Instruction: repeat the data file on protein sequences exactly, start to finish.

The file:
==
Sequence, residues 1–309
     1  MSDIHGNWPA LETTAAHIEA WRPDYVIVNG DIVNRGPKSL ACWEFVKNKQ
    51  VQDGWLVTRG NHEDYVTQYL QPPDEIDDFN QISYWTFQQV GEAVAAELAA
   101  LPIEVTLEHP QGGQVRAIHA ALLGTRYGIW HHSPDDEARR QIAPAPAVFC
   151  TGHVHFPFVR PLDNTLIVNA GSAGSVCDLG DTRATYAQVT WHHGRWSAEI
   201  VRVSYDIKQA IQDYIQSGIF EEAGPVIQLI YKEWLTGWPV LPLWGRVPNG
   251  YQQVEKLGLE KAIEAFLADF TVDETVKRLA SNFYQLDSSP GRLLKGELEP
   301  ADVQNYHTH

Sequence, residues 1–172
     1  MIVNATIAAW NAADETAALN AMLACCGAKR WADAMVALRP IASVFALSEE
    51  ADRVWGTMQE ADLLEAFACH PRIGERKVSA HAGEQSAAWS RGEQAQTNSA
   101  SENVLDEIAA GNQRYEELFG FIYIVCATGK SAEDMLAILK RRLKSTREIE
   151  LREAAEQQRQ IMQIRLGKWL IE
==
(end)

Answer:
Sequence, residues 1–309
     1  MSDIHGNWPA LETTAAHIEA WRPDYVIVNG DIVNRGPKSL ACWEFVKNKQ
    51  VQDGWLVTRG NHEDYVTQYL QPPDEIDDFN QISYWTFQQV GEAVAAELAA
   101  LPIEVTLEHP QGGQVRAIHA ALLGTRYGIW HHSPDDEARR QIAPAPAVFC
   151  TGHVHFPFVR PLDNTLIVNA GSAGSVCDLG DTRATYAQVT WHHGRWSAEI
   201  VRVSYDIKQA IQDYIQSGIF EEAGPVIQLI YKEWLTGWPV LPLWGRVPNG
   251  YQQVEKLGLE KAIEAFLADF TVDETVKRLA SNFYQLDSSP GRLLKGELEP
   301  ADVQNYHTH

Sequence, residues 1–172
     1  MIVNATIAAW NAADETAALN AMLACCGAKR WADAMVALRP IASVFALSEE
    51  ADRVWGTMQE ADLLEAFACH PRIGERKVSA HAGEQSAAWS RGEQAQTNSA
   101  SENVLDEIAA GNQRYEELFG FIYIVCATGK SAEDMLAILK RRLKSTREIE
   151  LREAAEQQRQ IMQIRLGKWL IE